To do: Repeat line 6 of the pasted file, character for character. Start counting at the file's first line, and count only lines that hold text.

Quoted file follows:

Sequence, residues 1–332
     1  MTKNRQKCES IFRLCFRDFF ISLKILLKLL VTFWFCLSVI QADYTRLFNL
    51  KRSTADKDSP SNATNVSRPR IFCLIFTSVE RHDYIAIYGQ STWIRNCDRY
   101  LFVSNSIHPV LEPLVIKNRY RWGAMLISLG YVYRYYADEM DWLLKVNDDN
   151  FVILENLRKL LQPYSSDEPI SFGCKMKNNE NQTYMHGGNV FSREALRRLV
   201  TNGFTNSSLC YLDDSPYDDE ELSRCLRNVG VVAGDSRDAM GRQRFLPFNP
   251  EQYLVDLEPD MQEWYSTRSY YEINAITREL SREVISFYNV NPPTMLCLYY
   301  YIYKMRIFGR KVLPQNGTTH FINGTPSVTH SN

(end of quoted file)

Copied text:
   201  TNGFTNSSLC YLDDSPYDDE ELSRCLRNVG VVAGDSRDAM GRQRFLPFNP